Thursday, October 11, 2007

Saxon Phonics Intervention

Well, we’re a few months into the school year. Most of us are now finding out what is working and what is not working for school. So, it’s time for a little curriculum review. I’ll begin with the program I’m using to help my struggling reader/struggling spellers. It’s called Phonics Intervention, strangely published by Saxon Publishers. Why do I say strangely? Well, because it just does not seem like a Saxon product. The author was a special education teacher that wrote the curriculum based on her need to find an effective way to teach her own struggling reader how to read. I can honestly say that it is very well done.

As many of you know, one child of mine is dyslexic – well, I shouldn’t say IS dyslexic. Dys means “hard or difficult” and lexia means “to read.” So, perhaps I should say is overcoming dyslexia, for he is well on his way to reading like a pro. It’s just been a long, uphill hike; yet, I feel we are reaching the pinnacle of the high alps we needed to climb to get him reading and spelling. I can honestly say that Saxon’s Phonics Intervention will play a major role in moving him into the right direction.

After using my Spelling Solutions program, which enabled my son to spell the most common words found in the English language, I knew it was time for him to relearn phonics, as he had missed so much in his early years. I didn't want to do a basic phonics program; he needed something that honored his intellectual maturity, while still teaching the basics that he missed in K - 3rd, when he was struggling to see the words on a page clearly (Dyslexics generally see words swimming around on a page, not sitting still as we see them).

Saxon Phonics Intervention moves much more quickly than Saxon Phonics for K-3rd , teaching to an older audience. The assumption with the program is that you are using this with an older student (5th grade or older) that still cannot read or spell well. It’s an intensive phonics program using coding of words, spelling tests and reading comprehension assignments. It also adds in vocabulary (which you could skip, but my kids LOVE) as well as alphabetizing. It’s not a complete grammar program, as it doesn’t not teach grammar rules, such as capitalization and such.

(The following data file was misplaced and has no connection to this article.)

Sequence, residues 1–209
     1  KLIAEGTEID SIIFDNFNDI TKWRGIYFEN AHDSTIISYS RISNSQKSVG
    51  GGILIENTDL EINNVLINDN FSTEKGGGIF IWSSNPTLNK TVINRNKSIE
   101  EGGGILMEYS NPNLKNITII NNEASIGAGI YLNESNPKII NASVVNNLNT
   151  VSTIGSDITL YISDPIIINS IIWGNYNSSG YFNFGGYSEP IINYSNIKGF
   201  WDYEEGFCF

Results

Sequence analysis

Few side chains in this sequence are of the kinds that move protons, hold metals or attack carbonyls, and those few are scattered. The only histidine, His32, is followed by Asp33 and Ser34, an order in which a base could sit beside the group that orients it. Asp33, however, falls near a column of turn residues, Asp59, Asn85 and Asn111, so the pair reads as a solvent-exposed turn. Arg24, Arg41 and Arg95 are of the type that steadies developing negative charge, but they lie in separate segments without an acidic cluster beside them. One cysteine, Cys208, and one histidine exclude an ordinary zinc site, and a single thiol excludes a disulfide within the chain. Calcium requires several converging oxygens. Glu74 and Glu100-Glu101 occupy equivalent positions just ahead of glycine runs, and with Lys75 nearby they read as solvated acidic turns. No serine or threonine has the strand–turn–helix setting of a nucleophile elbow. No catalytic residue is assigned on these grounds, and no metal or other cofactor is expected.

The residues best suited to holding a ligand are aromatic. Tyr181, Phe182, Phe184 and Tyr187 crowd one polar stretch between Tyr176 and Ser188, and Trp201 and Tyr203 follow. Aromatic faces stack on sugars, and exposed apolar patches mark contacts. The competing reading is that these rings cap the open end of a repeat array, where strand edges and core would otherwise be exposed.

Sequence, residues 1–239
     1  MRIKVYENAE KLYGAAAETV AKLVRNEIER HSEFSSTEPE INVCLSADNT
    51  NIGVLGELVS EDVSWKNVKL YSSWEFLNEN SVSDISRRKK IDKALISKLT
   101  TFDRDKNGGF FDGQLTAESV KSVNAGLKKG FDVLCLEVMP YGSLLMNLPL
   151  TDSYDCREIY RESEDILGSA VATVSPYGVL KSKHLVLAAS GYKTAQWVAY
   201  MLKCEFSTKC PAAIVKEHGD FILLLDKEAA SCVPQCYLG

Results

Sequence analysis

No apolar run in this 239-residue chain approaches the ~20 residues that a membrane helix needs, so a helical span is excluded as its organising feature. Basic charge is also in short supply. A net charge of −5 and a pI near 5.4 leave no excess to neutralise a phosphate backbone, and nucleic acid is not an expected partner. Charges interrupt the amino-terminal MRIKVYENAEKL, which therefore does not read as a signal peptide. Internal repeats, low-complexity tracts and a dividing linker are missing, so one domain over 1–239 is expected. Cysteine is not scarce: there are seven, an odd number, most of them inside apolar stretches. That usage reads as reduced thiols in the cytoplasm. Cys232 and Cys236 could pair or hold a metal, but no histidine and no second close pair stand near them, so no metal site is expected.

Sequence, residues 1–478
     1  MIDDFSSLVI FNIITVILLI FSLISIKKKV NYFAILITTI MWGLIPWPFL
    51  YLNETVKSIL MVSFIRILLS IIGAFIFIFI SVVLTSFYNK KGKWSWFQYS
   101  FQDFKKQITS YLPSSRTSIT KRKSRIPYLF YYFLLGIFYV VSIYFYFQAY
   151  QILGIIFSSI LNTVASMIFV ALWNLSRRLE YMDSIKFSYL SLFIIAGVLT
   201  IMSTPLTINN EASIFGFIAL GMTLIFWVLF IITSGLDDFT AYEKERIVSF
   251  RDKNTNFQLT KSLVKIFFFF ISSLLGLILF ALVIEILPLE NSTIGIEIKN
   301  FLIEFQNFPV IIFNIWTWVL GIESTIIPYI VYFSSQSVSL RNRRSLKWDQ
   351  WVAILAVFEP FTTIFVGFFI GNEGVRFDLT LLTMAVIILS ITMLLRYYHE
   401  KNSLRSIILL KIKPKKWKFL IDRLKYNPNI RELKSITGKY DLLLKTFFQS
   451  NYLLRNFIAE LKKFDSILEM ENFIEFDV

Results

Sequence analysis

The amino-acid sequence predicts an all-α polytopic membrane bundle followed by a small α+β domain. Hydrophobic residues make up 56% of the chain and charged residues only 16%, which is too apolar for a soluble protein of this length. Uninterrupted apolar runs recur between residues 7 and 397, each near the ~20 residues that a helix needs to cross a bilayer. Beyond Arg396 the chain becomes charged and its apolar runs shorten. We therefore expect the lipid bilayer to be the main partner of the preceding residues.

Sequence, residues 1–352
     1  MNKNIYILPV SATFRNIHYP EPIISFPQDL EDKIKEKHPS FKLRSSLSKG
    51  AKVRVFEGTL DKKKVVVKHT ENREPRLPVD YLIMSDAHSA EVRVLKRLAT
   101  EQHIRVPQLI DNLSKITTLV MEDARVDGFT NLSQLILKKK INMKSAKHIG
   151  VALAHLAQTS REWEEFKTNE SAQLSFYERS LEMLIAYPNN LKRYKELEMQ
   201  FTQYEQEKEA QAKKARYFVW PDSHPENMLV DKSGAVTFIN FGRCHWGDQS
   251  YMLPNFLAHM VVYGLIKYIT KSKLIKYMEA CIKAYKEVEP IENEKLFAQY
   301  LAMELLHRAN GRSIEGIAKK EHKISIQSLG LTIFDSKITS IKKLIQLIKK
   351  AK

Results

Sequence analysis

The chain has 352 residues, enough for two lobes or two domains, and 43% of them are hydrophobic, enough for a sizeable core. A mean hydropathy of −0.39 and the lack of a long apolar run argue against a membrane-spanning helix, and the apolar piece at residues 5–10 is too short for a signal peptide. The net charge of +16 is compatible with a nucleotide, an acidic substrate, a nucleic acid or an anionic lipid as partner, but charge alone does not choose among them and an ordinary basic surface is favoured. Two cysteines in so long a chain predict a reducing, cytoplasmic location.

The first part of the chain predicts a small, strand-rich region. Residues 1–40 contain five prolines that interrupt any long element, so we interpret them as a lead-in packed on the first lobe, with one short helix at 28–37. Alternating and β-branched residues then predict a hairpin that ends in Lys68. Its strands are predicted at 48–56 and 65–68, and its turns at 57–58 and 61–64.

Since we started the program, I have seen a marked difference in my child’s ability to spell. I can’t speak to the reading aspect yet, as we were already making immense progress with reading.

It really surprised me that coding words helps the struggling speller. I don’t think a normal reader/speller needs to spend the time and energy on coding words as it does expend a lot of time and energy. I know there are a lot of programs that require the child to code words. My good speller never did anything like this and actually never even learned the “rules” for spelling; she simply spells everything perfectly well (I’m always asking her how to spell things). However, for an older child that doesn’t spell well, the act of coding words helps them immensely. I’m doing this with both of my boys (ages 9 and 11).

I can see a difference in their spelling across the board. Coding helps, I believe, because they spend time with each word, becoming familiar with the words, understanding the rules of spelling by actually doing something tangible to represent different spelling rules. This activity seems to ingrain correct spelling as well as the spelling rules into their brain, which apparently translates to other similar words.

If you are not familiar with coding words. Here is an example: They are given the word BRAIN to code. They underline the digraph AI, put a macron over the A and cross out the I – showing that the digraph AI only sounds out the long A, and the I is silent. If they are given the word HUNTER, they will put an arc under the ER showing that it’s a combination, and they’ll put a breve over the U showing that it’s short. They will also separate the word into syllables and write the VCCV pattern under the letters. It’s a lot of work, but seems to really make something click in their brain.

So far, this has been one of the most successful programs to teach spelling for my dyslexic and my struggling speller that is not dyslexic (and I think I’ve tried every single program out there).

Saxon Phonics Intervention is pretty expensive, over $100, and the program requires a lot of you, the teacher. I don’t normally recommend teacher intensive programs, but if you find that your child in sixth grade or above is really and truly unable to spell the most basic words, this program is a must. Most children naturally “get” spelling some time during fifth grade or before. So I don’t recommend you make the investment in both money and time unless there really is a problem.